Apple’s brand new iOS 8.1.2 update brings bug fixes to iPhone, iPad and iPod touch owners. However, as we’ve pointed, it not only fails to fix some lingering iOS 8 problems, it also brings some problems of its own. In particular, some iPhone and iPad users are noticing bad iOS 8.1.2 battery life and today, we’re going to tell you how to go about fixing that.
Last week, several weeks after an iOS 8.1.1 update, Apple pushed out yet another iOS 8 upgrade aimed at squashing some of the lingering issues on board its new iOS 8 operating system. The company’s latest update is iOS 8.1.2, a tiny bug fix update that checks in at just over 20MB for most iPhone and iPad users. It’s aimed directly at a ringtone issue that sprouted up after the iOS 8.1.1 update.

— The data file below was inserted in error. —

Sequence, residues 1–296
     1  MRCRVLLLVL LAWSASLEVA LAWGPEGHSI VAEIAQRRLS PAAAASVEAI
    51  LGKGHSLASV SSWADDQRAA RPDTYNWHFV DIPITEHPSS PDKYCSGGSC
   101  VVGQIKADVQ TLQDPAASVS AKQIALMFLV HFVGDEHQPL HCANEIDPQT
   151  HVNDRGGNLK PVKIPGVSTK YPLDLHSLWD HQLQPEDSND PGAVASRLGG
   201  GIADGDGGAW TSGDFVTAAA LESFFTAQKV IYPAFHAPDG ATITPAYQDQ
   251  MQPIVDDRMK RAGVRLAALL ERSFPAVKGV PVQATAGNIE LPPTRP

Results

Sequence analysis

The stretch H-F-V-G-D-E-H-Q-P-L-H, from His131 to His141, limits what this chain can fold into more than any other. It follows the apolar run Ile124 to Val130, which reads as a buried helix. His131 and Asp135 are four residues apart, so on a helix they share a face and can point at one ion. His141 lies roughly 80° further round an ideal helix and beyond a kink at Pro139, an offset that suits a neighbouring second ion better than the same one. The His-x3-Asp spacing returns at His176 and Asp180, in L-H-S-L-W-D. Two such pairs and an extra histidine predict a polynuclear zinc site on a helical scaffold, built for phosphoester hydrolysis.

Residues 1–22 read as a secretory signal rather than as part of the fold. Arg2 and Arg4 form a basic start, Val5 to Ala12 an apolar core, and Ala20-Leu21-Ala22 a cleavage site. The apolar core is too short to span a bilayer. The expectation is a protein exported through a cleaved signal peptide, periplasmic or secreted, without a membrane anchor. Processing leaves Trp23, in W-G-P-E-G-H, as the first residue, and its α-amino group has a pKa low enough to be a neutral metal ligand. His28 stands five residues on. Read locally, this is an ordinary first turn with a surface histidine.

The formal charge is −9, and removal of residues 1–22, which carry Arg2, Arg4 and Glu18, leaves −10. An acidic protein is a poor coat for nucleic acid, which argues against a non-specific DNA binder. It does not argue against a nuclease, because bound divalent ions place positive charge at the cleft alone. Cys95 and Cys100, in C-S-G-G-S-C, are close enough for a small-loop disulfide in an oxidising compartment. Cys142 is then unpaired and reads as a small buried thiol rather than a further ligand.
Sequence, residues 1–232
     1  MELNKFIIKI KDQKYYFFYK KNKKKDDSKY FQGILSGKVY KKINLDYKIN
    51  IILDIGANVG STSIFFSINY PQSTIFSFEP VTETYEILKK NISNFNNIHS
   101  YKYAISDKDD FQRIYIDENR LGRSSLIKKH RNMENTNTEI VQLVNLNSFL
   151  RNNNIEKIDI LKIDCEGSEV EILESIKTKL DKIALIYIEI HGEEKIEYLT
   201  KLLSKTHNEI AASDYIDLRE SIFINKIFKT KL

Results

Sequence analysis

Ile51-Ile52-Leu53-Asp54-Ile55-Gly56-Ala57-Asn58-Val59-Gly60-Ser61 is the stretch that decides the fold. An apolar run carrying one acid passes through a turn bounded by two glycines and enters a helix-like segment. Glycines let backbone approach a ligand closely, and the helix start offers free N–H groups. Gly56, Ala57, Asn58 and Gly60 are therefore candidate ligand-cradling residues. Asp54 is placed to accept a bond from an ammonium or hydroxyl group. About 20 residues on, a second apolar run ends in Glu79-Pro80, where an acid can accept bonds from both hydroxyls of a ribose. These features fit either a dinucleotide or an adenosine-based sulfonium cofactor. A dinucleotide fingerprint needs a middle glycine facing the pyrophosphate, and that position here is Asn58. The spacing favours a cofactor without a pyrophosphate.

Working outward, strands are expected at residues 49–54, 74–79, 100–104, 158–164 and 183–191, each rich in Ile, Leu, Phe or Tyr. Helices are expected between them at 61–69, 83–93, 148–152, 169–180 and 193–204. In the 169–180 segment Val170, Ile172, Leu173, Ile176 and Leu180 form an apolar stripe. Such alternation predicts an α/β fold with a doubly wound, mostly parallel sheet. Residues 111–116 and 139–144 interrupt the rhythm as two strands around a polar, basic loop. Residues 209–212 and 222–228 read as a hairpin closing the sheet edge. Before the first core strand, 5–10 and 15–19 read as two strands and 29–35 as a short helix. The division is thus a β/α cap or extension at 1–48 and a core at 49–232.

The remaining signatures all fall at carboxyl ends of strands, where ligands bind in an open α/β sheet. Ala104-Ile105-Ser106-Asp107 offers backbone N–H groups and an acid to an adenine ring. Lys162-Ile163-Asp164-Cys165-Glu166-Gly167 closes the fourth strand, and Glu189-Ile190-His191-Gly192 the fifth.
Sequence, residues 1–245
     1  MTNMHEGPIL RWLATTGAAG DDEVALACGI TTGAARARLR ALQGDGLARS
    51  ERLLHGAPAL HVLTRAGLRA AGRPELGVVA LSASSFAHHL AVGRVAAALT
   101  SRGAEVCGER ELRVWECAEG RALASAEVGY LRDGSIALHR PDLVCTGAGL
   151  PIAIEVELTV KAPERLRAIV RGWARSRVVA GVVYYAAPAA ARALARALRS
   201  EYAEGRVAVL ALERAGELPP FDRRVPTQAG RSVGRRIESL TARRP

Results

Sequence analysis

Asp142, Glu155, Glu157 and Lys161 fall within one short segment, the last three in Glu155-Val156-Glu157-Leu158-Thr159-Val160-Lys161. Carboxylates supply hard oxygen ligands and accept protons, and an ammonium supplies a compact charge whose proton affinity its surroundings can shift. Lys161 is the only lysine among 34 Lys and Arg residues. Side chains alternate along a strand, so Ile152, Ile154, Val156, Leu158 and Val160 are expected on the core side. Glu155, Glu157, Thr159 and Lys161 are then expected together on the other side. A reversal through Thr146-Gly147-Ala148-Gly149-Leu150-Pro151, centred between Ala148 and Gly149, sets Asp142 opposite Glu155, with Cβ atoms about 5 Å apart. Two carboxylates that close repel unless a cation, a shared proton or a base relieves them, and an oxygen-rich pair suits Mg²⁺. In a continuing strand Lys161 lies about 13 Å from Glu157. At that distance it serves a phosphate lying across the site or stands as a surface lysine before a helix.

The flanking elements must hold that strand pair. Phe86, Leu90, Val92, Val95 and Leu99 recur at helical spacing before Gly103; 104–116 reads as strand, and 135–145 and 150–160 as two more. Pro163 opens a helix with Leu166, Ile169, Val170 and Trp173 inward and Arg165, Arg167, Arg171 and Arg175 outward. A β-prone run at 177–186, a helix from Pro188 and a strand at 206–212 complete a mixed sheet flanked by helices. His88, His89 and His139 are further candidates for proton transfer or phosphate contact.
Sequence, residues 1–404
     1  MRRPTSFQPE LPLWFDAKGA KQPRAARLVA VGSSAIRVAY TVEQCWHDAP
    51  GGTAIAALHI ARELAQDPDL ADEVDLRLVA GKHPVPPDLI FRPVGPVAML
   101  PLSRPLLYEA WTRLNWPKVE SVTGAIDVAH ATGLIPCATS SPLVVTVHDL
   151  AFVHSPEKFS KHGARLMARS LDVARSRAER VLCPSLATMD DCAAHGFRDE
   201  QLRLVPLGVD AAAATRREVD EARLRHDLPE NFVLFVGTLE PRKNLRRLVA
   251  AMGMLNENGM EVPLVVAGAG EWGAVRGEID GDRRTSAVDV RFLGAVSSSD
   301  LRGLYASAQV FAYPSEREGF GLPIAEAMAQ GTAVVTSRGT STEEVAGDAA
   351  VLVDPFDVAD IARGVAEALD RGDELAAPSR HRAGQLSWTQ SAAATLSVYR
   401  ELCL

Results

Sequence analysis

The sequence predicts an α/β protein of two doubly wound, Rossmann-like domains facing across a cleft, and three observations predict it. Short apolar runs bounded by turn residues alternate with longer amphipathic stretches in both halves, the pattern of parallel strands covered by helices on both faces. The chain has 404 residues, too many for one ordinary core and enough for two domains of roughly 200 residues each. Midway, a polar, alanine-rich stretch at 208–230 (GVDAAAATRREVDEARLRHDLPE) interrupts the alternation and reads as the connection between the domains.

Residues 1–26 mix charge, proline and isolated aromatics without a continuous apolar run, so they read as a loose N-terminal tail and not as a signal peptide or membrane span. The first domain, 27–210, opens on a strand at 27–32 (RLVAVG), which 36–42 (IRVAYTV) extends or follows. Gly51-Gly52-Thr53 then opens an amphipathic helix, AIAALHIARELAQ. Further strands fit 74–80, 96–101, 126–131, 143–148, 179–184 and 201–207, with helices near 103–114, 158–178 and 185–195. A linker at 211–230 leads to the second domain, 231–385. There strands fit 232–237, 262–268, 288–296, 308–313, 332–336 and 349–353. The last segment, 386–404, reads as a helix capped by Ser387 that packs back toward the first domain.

While the iOS 8.1.2 update is aimed at fixing iOS 8 problems, it looks like the update is causing some issues for owners of the iPhone and iPad. In particular, we’re seeing complaints about broken Wi-Fi and Bluetooth, bad performance and the usual complaints about bad battery life. Battery life issues always seem to plague iPhone and iPad users after an update though most times, it’s not the actual update that’s causing the problems. Apps and other services are often the culprit.
Ever since I updated to iOS 8.1.2 my battery life has gotten horrible
— Eman (@yaboiiemarti) December 16, 2014
— Army Chief P (@ChiefPoints) December 17, 2014
With iOS 8.1.2 my battery life is terrible. :-(
— Jordan Palfrey (@jpwp1) December 16, 2014
— Jill Verkaik (@jill_verkaik) December 15, 2014